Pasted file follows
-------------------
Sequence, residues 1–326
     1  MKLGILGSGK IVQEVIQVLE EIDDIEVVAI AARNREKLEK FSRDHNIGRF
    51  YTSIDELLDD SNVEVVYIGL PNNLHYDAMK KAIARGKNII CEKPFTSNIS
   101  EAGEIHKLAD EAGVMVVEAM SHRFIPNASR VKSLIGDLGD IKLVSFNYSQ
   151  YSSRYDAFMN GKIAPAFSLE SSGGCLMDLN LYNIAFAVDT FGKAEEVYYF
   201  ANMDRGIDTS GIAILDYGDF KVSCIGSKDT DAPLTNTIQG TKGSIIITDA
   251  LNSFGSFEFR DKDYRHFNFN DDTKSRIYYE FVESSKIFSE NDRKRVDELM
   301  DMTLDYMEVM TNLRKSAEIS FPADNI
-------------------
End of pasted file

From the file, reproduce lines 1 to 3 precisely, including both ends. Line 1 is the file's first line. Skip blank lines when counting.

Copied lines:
Sequence, residues 1–326
     1  MKLGILGSGK IVQEVIQVLE EIDDIEVVAI AARNREKLEK FSRDHNIGRF
    51  YTSIDELLDD SNVEVVYIGL PNNLHYDAMK KAIARGKNII CEKPFTSNIS